Up until now, I couldn't quite decide what to make of Sadiq Khan. If I'm honest, I wasn't particularly interested, although it had crossed my mind that I wouldn't be at all surprised if he were to become Labour leader at some point in the future. You might say I was indifferent towards him. Well, based on excerpts of the speech he will make to the so-called Scottish Labour conference, which he tweeted in advance, I now don't think very much of him at all.
We are living in worrying times. Right-wing populism appears to be on the rise. Brexit, blaming everything on immigrants, and the election of an especially fragile, particularly paranoid, narcissistic, tangerine china doll as US President are symptomatic of this.
For the Mayor of London to then compare those of us who long for an independent Scotland to the likes of Farage, Marine Le Pen, Geert Wilders, and Donald Trump, is beneath contempt. That is what he did:
"There is no difference between those who try to divide us on the basis of whether we are English or Scottish and those who try to divide us on the basis of our background, race or religion "
Scottish nationalism is not about dividing people, those of us in favour of independence are not talking about banning Muslims, building walls, pulling up the drawbridge, or anything of the sort. On the contrary, we want an independent Scotland to be inclusive, governed by the people of Scotland for the people of Scotland, regardless of where you were born, ethnicity, or race. And Sadiq Khan, Kezia Dugdale and the rest of the Labour Party damn well know it.
If anything, Khan's comments cheapen the plight of those who are suffering at the hands of right-wing populism, and that is bloody disgraceful.
Again, a Labour politician asks us to stay put in solidarity with our English brethren saying:
"The antidote to Brexit and the rise of right-wing populist parties is not to run away, break away, or push our neighbours away."
Mr Khan gets this wrong too. An independent Scotland wouldn't be running away, it would be walking its own path. No one in favour of independence, as far as I know, is suggesting we push our neighbours away, indeed we are keen to work closely with them. England is our closest neighbour, independence can't change that. England, or rather, the rest of the UK, would also be an independent Scotland's biggest trading partner, independence needn't change that, certainly not in the short to medium term.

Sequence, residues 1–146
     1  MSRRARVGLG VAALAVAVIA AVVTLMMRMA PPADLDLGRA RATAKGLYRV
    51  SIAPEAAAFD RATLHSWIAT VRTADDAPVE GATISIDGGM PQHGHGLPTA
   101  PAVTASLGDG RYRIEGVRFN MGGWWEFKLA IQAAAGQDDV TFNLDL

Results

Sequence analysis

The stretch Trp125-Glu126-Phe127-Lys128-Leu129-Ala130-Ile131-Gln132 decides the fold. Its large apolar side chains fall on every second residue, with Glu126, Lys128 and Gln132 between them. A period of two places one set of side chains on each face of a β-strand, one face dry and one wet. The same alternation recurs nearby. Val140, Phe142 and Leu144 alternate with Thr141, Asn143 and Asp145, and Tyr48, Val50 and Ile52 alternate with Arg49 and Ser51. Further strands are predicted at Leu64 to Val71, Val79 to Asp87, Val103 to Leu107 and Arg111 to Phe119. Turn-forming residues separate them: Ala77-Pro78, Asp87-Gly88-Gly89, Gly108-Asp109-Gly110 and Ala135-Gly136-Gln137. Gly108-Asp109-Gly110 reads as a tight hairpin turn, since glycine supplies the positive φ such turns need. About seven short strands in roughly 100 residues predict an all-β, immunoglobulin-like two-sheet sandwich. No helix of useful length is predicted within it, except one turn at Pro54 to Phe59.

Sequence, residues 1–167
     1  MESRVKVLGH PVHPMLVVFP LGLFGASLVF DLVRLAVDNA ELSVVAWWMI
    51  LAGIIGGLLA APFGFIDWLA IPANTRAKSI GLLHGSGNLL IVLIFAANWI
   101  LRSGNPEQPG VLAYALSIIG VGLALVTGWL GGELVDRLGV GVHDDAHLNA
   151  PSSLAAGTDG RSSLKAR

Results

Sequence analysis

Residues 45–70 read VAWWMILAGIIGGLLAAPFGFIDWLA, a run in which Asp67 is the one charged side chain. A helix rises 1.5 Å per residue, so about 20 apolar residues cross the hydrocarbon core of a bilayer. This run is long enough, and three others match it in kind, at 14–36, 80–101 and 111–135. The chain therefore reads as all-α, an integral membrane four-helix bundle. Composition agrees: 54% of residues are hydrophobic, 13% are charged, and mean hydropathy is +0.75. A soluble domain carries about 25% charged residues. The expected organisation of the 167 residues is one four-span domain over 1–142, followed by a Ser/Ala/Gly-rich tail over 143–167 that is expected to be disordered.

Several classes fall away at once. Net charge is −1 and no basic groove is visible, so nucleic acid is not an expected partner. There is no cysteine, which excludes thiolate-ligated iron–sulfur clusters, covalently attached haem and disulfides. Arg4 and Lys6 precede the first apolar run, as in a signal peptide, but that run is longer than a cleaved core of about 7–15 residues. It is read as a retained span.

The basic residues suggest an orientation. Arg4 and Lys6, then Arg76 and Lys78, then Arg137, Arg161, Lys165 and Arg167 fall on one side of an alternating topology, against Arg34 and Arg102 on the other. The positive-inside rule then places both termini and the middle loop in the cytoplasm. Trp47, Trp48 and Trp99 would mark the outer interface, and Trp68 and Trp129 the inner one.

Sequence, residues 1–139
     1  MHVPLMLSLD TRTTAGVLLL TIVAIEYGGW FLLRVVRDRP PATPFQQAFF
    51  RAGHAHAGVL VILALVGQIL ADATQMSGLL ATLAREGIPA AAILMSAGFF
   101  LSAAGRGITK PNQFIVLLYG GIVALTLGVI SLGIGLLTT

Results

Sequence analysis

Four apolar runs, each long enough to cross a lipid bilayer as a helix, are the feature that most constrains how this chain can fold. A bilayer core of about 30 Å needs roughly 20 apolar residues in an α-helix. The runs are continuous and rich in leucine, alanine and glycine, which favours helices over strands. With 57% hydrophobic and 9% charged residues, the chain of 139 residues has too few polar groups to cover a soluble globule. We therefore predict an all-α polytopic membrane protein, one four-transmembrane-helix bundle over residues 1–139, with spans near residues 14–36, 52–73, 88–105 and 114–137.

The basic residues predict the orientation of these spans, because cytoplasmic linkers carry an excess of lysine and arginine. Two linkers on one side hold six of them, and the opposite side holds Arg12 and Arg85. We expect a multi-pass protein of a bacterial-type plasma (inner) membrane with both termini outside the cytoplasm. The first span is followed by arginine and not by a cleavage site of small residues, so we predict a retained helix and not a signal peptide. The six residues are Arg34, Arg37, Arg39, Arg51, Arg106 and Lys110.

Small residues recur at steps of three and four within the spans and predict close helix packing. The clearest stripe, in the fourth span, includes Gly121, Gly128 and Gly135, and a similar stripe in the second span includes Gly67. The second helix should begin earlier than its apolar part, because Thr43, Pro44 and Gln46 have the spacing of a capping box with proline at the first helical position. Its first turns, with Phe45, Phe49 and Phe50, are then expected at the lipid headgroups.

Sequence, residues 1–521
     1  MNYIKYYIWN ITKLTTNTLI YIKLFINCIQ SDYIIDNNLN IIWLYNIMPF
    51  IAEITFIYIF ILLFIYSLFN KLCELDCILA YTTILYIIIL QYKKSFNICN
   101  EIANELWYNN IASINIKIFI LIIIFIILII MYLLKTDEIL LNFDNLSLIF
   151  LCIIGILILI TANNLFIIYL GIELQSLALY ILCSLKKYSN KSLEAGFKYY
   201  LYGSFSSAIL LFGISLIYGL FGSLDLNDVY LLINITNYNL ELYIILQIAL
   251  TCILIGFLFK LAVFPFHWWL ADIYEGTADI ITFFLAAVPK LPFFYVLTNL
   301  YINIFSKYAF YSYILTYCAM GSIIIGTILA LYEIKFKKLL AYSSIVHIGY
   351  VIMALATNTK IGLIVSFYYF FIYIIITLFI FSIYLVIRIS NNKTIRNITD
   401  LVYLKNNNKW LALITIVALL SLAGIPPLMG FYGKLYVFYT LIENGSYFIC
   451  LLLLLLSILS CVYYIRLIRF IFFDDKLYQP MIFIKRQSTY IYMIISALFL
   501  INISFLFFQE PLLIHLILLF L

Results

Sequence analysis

It is Tory England/Britain has chosen to break away from the EU, and, in apparently refusing to go any way towards accommodating Scotland's overwhelming vote to remain. It is they who are pushing neighbours away. The Scottish Government has given, indeed, is giving the Westminster Government ample opportunity to avoid a second independence referendum, but all the signs are that the Tories remain intransigent.
I do despair at those who believe Scotland should remain with the UK out of some sort of misplaced solidarity. I could only laugh when I read that Sadiq Khan thinks:
"Now is the time to build unity, create a more United Kingdom and ensure everyone has the opportunities to succeed"
Sorry Sadiq, but the time for all that was 1997 and the thirteen years that Labour was in power after that. It might make sense for Scotland to stay in the UK if we were in fact "Better Together", but I just don't see that we are. As I keep saying, it isn't getting any better, it's getting worse.
Believing in independence for Scotland does not make me and others who agree with me racists, and I deeply resent that the Mayor of London has suggested we are. As far as I am concerned we are one race, and that is the human race. I suspect that Sadiq Khan's ill-advised intervention is counterproductive. Is it any wonder Labour are in the state they are in when they think that to insult and patronise is the way to win back voters in Scotland who deserted them in their droves.
English politics, and therefore British politics, is in a sad, sorry state. The Conservative Government, uninspiring and unremarkable in the six years before Brexit, is now utterly out of its depth. Austerity has failed, for example, demonizing the disabled and the dispossessed, leaving many of them destitute, costs more than it saves.